What they didn’t anticipate was a possible 100-year supply of natural gas that would soon flow from the Barnett Shale, the massive geological formation spanning 5,000 acres in North Texas, and similar deposits across the country. Those supplies have driven down prices by more than 50 percent on the natural resource that accounts for nearly half of Texas’ electricity production.
This company, like all companies with heavy debt and declining revenue, has to figure out a way to reduce its debt before the day of reckoning arrives. The most pressing issue the company faces involves $20 billion in debt that must be paid back in 2014. That’s about half of the company’s long-term debt.
The question that virtually everyone involved with EFH is asking is whether it can roll over or extend when it must come up with the $20 billion.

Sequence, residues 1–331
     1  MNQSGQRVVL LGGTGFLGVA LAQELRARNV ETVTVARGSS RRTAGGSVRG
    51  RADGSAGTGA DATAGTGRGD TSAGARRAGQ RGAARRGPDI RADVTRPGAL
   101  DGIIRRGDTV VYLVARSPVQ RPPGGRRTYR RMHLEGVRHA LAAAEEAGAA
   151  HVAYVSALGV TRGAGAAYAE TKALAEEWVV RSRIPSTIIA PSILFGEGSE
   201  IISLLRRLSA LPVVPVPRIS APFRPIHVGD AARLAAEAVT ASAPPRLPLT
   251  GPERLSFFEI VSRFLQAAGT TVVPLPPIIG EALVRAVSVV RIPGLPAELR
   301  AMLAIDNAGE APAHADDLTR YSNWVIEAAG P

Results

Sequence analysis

“There are people who say, ‘Yes, they can, but it will cost them.’ And there are people who say, ‘No, they cannot,’ ” Hempstead said. “Moody’s doesn’t have a view on that, but this is a big, giant maturity that is facing these guys.”
How did we get to the point where Wall Street high-flyers are putting millions of families at risk by making wild guesses on volatile markets?